Are pilots at Airlines typically assigned to fly a single Type in a given month / year or do they get switched routinely between multiple types of aircraft as per scheduling convenience?

i.e. Is it common to, say, fly a B-747 & then return flying a B-777 etc.

How about more extreme changes like switching between Boeings & Airbuses or Turbojet / Turboprop etc.?

I guess that begs the question whether pilots typically are certified & current across multiple Types? How common is this?

I'm looking more for comments about what is operating practice across airlines rather than a hard rule, which I guess does not exist.


2 Answers 2


Airline pilots are typically only certified and current on one type. It is rare for a pilot to be certified and current on multiple types because they must do re-current training and check rides for each type in order to remain current and legal. The extra cost for training and check rides would not make financial sense to an airline trying to be competitive with other airlines.

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    $\begingroup$ But there are various different aircraft with common type ratings, yes? (I'm guessing something like the Airbus A320 series and, as I recall, some of the larger Boeings.) $\endgroup$ Commented Jan 1, 2016 at 20:15
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    $\begingroup$ @DavidRicherby Yes, some airlines do 777 and 787. I think there is also the 747-400 and the 747-8 ones too. $\endgroup$ Commented Jan 1, 2016 at 21:11
  • $\begingroup$ How long does it typically take to switch from one type to another? e.g. the training, certification, sim time, check rides etc? Are airlines continuously changing the type profile of their pilot body? $\endgroup$ Commented Jan 2, 2016 at 4:34
  • $\begingroup$ @curious_cat It depends on the aircraft. Some need less time because of similarities (Boeing widebodies vs Boeing single-isles). Airlines have groups of pilots that are certified for their own aircraft, so they don't do mass-migrations of pilots to different craft. $\endgroup$ Commented Jan 2, 2016 at 14:11

A pilot at an airline usually flies one type of aircraft at one time, but can hold many type ratings at the same time. There are common type ratings between similar aircraft (Some versions of the 777 and 787 as well as the A320 family). With Airbus planes besides the A380, they require a little less transition time between the types because they are made to be very similar. The A320 has a common type rating as well as the A350 XWB and A330; Boeing has the 767/777 and 787 type ratings from what I hear. You can't have a common type rating between Boeings and Airbuses because they have totally different cockpit and control configurations.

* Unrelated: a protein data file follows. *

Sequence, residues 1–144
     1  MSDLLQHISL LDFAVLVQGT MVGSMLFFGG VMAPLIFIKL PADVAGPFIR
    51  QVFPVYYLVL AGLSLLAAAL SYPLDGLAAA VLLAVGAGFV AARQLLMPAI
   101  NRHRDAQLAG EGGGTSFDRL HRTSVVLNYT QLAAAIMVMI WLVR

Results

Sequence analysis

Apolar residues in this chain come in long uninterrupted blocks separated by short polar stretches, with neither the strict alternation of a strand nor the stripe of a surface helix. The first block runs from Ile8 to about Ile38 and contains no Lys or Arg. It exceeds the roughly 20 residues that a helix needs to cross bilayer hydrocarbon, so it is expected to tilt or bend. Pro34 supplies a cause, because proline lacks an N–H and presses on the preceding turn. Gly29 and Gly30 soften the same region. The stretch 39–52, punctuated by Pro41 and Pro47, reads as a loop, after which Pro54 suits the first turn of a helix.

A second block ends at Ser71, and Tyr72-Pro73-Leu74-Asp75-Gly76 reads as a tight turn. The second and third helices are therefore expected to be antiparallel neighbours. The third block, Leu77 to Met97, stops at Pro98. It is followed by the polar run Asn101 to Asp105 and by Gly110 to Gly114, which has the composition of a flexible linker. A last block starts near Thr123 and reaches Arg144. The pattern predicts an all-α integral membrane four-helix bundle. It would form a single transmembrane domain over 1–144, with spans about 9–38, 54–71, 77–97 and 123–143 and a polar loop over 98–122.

• $\begingroup$ I guess only drone pilots can fly two planes at one time - I think you mean something slightly different. $\endgroup$
    – MSalters
    Commented Jan 1, 2016 at 21:37
  • $\begingroup$ @MSalters I said they can hold multiple type ratings at the same time, not fly mutiple planes at the same time. $\endgroup$ Commented Jan 1, 2016 at 21:43
  • $\begingroup$ Interesting. Thanks. So in the cases of common type ratings does currency on one aircraft e.g. 777 imply automatic currency on the others in the same type rating as well? e.g. Say a pilot holds a Type Rating for a 777 and has been flying those can he be suddenly assigned to a 787 without a check ride etc? $\endgroup$ Commented Jan 2, 2016 at 4:33
  • $\begingroup$ @curious_cat They have to complete a few requirements to be able to have a common type rating between the 777 and 787, but it is not a huge step. But once they have the type rating, they can fly both. $\endgroup$ Commented Jan 2, 2016 at 14:06
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    $\begingroup$ At my airline only the Chief Pilot is qualified on both the 777 and 787 and there is no provision for a "short course". Dual type rating requirements will vary by country, or airline, so you can not generalize $\endgroup$ Commented Jan 2, 2016 at 14:51

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